How Your Posture Affects Your Back

Slouching and being a high school kid go together like gila monsters and the desert around Show Low. But maybe we should have listened when our Mom told us to stand up straight and push our shoulders back.

Our backs wish we had been paying attention. Our spine is a miracle worker of stability, but when we stoop or slouch, when make our muscles and ligaments try to provide support that the spine otherwise would. This can make them strain and cause back pain.

We deal with back pain every day at Summit Healthcare Pain Clinic, much of it caused by things as easy to fix as our posture. Here are some tips on better posture and less back pain.

The natural curves in your spine

It’s easy to think of your spine as a relatively straight line, but it’s really anything but straight. It has three natural curves built in.

  • An inward (think forward) curve at the neck. This is called the cervical curve.
  • An outward (backward) curve at the upper back, the thoracic curve.
  • An inward curve at the lower back, the lumbar curve.

Good posture maintains these natural curves.

What is good standing posture?

So, just what does good posture look like? You Mom definitely had it right about your head up and shoulders back. Here’s how you should stand:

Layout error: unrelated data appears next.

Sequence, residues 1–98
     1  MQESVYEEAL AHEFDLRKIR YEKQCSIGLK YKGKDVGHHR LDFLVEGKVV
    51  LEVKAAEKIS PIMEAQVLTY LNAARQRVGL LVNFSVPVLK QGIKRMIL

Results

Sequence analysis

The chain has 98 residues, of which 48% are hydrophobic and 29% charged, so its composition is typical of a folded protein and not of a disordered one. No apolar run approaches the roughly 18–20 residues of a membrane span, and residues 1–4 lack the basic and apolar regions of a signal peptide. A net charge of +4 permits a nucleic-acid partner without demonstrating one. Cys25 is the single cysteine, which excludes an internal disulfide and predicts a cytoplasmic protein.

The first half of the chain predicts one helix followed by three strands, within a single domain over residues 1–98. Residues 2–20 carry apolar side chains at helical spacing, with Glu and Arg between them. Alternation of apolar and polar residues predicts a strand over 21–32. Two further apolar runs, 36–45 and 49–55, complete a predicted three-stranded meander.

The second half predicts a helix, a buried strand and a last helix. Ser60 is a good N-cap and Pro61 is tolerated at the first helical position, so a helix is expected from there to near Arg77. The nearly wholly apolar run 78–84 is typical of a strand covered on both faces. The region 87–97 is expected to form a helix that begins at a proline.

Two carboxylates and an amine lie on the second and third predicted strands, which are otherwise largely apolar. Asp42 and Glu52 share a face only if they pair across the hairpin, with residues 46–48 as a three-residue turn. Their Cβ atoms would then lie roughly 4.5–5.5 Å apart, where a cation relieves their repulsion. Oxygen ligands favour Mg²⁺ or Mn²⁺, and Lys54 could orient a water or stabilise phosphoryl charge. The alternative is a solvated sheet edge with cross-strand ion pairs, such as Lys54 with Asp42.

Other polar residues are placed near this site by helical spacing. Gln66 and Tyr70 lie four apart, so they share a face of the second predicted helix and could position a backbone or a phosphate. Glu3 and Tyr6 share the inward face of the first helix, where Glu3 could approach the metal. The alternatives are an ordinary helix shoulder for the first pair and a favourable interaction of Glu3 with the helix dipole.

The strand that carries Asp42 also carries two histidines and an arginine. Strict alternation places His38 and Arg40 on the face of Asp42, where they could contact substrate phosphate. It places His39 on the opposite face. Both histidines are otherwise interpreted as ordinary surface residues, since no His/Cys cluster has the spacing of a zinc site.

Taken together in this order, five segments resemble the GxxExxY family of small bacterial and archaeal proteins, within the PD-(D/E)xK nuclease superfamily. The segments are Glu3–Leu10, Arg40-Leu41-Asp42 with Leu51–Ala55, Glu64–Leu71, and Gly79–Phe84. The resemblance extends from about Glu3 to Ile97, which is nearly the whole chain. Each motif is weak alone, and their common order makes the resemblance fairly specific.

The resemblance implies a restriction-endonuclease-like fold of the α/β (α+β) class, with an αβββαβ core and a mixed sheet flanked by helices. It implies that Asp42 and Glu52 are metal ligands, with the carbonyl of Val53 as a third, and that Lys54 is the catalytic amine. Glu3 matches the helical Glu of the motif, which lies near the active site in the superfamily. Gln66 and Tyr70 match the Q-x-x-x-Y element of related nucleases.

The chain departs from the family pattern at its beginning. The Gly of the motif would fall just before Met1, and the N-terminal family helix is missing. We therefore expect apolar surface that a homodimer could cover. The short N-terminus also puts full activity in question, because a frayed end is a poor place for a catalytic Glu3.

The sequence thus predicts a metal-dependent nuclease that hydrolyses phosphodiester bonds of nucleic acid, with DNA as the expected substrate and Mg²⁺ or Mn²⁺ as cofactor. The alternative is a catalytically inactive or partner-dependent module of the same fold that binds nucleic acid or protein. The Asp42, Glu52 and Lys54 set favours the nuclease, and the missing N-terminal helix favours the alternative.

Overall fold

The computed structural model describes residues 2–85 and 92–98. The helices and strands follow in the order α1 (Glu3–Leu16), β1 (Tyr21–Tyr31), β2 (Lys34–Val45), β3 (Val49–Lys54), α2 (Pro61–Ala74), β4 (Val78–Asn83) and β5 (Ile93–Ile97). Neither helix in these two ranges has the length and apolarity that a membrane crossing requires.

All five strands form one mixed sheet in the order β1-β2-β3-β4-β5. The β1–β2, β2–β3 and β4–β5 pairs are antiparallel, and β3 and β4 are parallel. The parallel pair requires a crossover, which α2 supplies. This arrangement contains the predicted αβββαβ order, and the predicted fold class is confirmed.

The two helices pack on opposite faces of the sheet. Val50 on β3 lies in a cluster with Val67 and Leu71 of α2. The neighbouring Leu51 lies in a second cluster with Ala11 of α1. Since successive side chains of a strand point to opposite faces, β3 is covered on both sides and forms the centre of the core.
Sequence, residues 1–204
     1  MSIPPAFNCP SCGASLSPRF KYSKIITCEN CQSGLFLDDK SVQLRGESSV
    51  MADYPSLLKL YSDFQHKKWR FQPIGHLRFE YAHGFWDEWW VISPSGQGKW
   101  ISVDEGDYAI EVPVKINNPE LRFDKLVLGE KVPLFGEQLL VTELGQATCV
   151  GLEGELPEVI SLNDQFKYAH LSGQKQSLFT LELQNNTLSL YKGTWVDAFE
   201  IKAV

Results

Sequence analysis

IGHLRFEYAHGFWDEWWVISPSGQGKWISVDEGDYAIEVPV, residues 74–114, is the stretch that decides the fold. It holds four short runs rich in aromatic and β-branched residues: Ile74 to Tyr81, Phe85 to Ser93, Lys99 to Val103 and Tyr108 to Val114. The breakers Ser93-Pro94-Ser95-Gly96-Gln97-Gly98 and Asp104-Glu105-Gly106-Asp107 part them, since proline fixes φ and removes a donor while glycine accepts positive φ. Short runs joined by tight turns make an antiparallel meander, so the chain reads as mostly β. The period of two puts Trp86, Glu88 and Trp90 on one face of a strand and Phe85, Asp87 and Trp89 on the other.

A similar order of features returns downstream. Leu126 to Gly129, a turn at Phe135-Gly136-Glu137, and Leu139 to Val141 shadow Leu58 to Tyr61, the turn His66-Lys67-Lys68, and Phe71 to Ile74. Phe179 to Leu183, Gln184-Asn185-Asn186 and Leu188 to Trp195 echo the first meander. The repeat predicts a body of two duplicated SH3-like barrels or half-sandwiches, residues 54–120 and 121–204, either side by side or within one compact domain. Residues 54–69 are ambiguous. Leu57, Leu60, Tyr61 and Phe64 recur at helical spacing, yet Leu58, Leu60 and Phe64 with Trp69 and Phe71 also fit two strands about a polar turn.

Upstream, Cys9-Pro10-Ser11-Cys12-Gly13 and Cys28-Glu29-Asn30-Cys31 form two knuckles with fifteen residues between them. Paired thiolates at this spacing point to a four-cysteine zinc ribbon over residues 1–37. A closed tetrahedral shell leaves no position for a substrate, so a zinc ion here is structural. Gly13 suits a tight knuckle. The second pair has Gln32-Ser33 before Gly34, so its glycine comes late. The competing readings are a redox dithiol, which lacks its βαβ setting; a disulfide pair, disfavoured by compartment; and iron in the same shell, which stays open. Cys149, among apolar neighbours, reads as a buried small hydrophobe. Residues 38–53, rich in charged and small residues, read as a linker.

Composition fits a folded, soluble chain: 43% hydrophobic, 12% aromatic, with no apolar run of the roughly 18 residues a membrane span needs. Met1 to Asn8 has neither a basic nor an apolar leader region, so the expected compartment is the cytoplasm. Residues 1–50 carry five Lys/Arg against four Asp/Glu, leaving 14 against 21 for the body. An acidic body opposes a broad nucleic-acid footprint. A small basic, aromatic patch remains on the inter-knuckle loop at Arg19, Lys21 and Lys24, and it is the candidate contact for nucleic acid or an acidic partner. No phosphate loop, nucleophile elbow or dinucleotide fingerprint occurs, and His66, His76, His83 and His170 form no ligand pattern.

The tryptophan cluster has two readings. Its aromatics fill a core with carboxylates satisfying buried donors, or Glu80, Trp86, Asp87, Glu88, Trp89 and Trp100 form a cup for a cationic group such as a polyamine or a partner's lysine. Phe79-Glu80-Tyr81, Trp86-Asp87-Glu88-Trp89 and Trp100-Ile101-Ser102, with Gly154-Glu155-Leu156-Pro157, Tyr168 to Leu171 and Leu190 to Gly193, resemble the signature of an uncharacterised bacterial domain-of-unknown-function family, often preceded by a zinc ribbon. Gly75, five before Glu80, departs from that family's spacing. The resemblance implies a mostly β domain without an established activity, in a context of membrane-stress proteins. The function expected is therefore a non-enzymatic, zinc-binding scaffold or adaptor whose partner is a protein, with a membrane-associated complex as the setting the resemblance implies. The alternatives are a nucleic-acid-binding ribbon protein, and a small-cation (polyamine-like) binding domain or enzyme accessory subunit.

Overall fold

• Stand straight with your shoulders comfortably pushed back.
  • Your head should be level and in line over your back and chest.
  • Pull your abdomen in.
  • Feet should be the width of your shoulders.
  • Don’t push your knees backward; leave them slightly flexed.
  • Your weight should be primarily on the balls of your feet.

You can check your posture with an easy test. Stand against a wall with your head, shoulder blades, and buttocks touching the wall. Have your heels about 2-4 inches away from the wall. Reach back and slide your hand behind the curve in your lower back with your palm flat against the wall. You should have about one hand’s thickness of space between your back and the wall in that spot. If you have more, you need to pull your abdomen in somewhat. If you have less, you need to arch your lower back a bit.

Good sitting posture

Here’s how you should sit, especially if you’re a desk jockey.

  • Your thighs should be parallel to the floor and your feet flat on the floor.
  • Don’t cross your legs. Keep a small gap between the front of your chair and the back of your knees.
  • If your chair doesn’t support the lumbar spine, place a rolled up towel or small pillow there.
  • Keep your upper back and neck comfortably straight.
  • Keep your shoulders relaxed, not rounded or pushed back.

Good posture is important to a happy back. However, injuries and back pain can still happen. When they do, don’t hesitate to call Dr. Trujillo and the team at Summit Healthcare Pain Clinic Associates, (928) 532-1605. We promise we won’t say we told you so about standing up straight.

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